Defining the Third Way is like trying to nail jelly to the wall. But its core appears to be a mix of platitudes (the world has changed, compromise is necessary) and delusions (you really can please all of the people all of the time). Together these lead to timidity, lack of moral compass, and paralysis when tough choices must be made.
No serious analyst disputes that parties of the left had to adapt. The decline of manufacturing and growth in home ownership and individual aspirations reduced their traditional base. The 1989 implosion of Eastern Europe discredited state socialism as an ideal. And eighteen Tory years of direct tax cuts rendered it impossible, even were it desirable, to rebuild the centralised welfare systems of 1979. Labour had to win Sun readers as well as Guardian readers, and appeal to the upwardly-mobile propertied classes as well as the dispossessed, many of whom do not vote.
So far, so unexceptional. And compromise between competing interests is honourable and essential in politics. The Low Pay Commission saw employers, trade unionists and independent experts hammer out agreement on the national minimum wage, though regrettably Labour then gave business a second bite of the cherry in cutting the youth rate and extending it to 21 year-olds. But splitting the difference is not always possible. There is no Third Way on fox-hunting, and tighter regulation would satisfy neither passionate opponents nor passionate supporters. The government has prevaricated for five years. It should pass the will of the Commons into law, or forget it.
Fundamentalist minorities held the government to ransom on Clause 28, a malign Tory relic which feeds anti-gay prejudice under the pretence of protecting children, and which has not produced a single prosecution. Compare this with the great social reforms of the 1960s Labour administration, which gave private member’s bills on liberalising abortion and legalising male homosexuality fair winds and practical help. When has New Labour showed equal courage?
This weakness of nerve also affects economic decisions. Transport policy vacillates to reflect prevailing volumes of outrage from motorists and from rail passengers. Faced with evidence that less privileged young people are deterred from higher education or achieve below their potential, Labour promised a review of student funding. Proposals initially expected in 2002 will be delayed for at least a year, because every alternative is unpopular with someone. The average graduate may attract a 20 percent earnings premium, but public sector workers and people with broken employment gain far less. So the fairest system is a graduate tax, where repayment reflects the real gain to the individual. If this is unsellable, to the Treasury or to voters, then perhaps it was a mistake to rule out rises in general income tax.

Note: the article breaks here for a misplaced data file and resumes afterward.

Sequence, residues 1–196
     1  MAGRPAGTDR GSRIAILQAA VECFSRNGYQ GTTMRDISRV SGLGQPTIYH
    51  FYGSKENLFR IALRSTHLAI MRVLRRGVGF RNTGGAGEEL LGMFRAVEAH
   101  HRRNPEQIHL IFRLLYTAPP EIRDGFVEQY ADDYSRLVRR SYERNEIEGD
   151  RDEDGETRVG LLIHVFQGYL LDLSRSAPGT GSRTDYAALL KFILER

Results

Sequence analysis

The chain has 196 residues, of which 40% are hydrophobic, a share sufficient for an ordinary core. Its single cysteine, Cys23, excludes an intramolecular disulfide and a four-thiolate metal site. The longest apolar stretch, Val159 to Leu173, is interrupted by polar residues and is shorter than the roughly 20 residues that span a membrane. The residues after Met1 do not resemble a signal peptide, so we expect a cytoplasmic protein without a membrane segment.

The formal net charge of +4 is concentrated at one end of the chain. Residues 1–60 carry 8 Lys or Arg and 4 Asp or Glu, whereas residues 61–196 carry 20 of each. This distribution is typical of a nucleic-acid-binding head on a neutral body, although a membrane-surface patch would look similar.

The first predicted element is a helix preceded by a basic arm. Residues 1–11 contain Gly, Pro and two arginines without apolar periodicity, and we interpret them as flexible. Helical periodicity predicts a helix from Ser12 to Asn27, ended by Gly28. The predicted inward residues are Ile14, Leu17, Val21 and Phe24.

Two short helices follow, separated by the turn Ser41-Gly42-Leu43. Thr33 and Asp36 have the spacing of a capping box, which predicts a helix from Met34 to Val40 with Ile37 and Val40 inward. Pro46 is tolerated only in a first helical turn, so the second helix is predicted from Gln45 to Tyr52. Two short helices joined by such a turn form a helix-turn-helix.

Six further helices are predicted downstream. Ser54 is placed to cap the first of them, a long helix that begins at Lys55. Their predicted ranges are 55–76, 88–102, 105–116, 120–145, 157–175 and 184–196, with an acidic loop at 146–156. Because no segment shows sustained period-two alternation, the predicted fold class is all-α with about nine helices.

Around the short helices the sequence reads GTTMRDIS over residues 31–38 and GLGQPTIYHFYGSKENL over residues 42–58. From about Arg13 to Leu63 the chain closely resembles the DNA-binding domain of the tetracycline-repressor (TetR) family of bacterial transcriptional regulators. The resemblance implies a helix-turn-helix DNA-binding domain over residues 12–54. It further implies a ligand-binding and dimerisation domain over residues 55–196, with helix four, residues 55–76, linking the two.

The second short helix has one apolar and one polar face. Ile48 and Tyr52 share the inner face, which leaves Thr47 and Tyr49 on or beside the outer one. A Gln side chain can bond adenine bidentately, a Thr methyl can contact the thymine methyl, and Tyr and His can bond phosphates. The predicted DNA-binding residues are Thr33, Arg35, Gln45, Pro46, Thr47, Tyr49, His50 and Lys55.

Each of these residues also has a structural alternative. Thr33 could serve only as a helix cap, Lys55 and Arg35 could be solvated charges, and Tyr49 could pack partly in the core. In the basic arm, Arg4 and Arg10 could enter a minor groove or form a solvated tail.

Remember, the Tories never actually cut tax. As Labour famously pointed out in its ‘22 tax rises’ poster, lower direct taxation was counterbalanced by higher indirect taxation and phasing out tax reliefs. Unfortunately, the fuel protests showed that voters have finally caught on, and Labour is running out of options. At the same time the problems of pushing people into private arrangements are increasingly obvious. Thrifty workers find their pension funds robbed by Maxwell or mis-managed by Equitable Life.
Encouragingly, Labour is starting to recognise that whoever owns public services, the government will be blamed if postal delivery collapses and trains do not run on time. The basic state pension was increased against the current dogma, to stem the loss of seats and votes from angry electors.
For the 21st century, Labour needs guiding principles: ‘From each according to their means, to each according to their needs’ would be a good start – tempered with sufficient pragmatism to win further terms in office. Dismissed by The Economist as ‘vacuous’ and by Stephen Byers as ‘flaky’, the Third Way offers neither.
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